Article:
Our findings suggest that minors aged 17 years and 8–9 months are the group most likely to delay an abortion until age 18 in response to Texas's parental notification statute. The evidence further suggests that such delay in the timing of abortion leads to an increase in the number of second-trimester abortions among these teenagers. We found no evidence of an increase in the exposure to the risk of second-trimester abortion among younger 17-year-olds, for whom postponing the abortion until age 18 is not feasible.
Our research design has several strengths. First, we narrow the age difference between those who are subject to the law and those who are not in order to improve the internal validity of the study design. Second, we determine which teenagers are subject to the law using their age at conception instead of their age at the time of pregnancy resolution. Third, we focus on the behavior of 17-year-olds, who account for the largest proportion of pregnancies among minors and therefore are an important group from a policy standpoint.16, 17 Finally, Texas is a populous state with a large number of pregnancies, which gives us the statistical power necessary for this type of analysis.
We limit all analyses to abortions occurring among Texas residents in Texas. We are confident that cross-state travel by minors who want to avoid parental involvement in Texas does not pose a problem for our analysis. Abortion statistics collected by the health departments of neighboring states indicate that very few minors from Texas obtained abortions outside Texas in response to the parental notification law—for example, in 2000, only five in Oklahoma, 13 in New Mexico and five in Arkansas. Data on abortions that Texas residents obtained in Louisiana are not available; however, Louisiana has had a parental consent law in effect since 1978 that is more restrictive than the Texas law, so it is an unlikely destination for minors seeking to avoid parental involvement in Texas.8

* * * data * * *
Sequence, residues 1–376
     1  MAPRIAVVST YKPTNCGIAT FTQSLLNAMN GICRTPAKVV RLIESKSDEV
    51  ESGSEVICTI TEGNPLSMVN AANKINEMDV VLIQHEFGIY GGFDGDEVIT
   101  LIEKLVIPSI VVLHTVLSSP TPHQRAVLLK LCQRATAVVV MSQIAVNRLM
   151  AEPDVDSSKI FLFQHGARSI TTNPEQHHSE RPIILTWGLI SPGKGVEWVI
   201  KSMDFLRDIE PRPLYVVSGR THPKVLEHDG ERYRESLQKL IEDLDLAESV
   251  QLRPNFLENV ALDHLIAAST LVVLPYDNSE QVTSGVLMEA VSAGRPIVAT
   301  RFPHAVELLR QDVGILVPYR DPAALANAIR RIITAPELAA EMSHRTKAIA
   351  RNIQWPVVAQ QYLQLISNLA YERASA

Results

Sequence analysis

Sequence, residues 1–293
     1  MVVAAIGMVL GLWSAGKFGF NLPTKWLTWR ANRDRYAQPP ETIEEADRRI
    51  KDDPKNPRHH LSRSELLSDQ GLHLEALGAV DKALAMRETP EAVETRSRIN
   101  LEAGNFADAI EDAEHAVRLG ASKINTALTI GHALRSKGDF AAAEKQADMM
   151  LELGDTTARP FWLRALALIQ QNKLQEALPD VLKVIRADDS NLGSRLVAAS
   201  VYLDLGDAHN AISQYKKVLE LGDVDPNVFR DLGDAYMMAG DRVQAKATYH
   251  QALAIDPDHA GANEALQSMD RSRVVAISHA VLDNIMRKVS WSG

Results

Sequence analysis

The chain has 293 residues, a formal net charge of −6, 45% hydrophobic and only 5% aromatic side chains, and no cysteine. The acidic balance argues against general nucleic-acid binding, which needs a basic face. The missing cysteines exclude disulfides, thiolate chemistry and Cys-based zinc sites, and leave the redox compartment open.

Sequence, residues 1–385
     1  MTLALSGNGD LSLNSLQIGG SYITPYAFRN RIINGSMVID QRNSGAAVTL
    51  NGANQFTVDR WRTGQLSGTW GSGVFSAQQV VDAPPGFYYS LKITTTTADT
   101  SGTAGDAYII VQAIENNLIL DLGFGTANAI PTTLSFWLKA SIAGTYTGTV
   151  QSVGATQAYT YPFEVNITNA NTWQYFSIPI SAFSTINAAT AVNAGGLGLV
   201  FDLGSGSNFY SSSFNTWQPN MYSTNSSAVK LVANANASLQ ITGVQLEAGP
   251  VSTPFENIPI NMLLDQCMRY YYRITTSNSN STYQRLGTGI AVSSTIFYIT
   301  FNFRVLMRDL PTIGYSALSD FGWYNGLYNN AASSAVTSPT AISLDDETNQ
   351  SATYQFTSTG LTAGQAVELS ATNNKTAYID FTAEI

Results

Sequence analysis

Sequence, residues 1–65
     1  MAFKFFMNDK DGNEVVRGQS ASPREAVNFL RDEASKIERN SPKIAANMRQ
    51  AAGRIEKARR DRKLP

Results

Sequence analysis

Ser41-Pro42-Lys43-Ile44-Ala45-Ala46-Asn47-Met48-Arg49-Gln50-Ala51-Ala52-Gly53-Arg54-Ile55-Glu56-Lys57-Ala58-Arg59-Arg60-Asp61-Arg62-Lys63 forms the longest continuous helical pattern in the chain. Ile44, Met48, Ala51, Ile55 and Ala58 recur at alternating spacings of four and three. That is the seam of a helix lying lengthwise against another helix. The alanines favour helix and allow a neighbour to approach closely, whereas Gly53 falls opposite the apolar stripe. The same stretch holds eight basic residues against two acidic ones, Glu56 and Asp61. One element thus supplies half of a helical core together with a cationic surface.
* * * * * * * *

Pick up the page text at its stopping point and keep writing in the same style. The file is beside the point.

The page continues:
Abortion was illegal in Mexico during our study period (it still largely is). However, if it is easier for minors to obtain an illegal abortion in Mexico than it is for them to circumvent the parental notification requirement in Texas, then minors may have sought abortions there after 2000. Abortion data from Mexico are not available. However, we are reasonably confident that travel to Mexico for an illegal abortion among minors is not prevalent, and therefore we have an accurate count of second-trimester abortions to Texas minors. The group we identified as the one responding to the law by delaying the abortion until age 18 is minors who conceive at ages 17 years and 8–9 months. If these teenagers obtain an abortion after the 12th week of gestation, they have already turned 18, and are not subject to Texas's law. At that point, they can get a legal abortion in Texas without parental involvement, and therefore have no incentive to go to Mexico for an abortion. On the other hand, if minors who conceive at 17 years and 8–9 months seek an abortion in Mexico before they turn 18, this behavior would affect our estimates of the late-term abortion rate as measured per 1,000 pregnancies, since we would not count these minors' pregnancies. Undercounting the pregnancies in the postlaw period would bias our estimates of the effect of the law upward. Because our estimates of the effect of Texas's parental involvement statute on the second-trimester abortion rates per 1,000 population and per 1,000 pregnancies are very similar, we are reasonably sure that travel to Mexico, if it occurs, is negligible for the purpose of our analysis.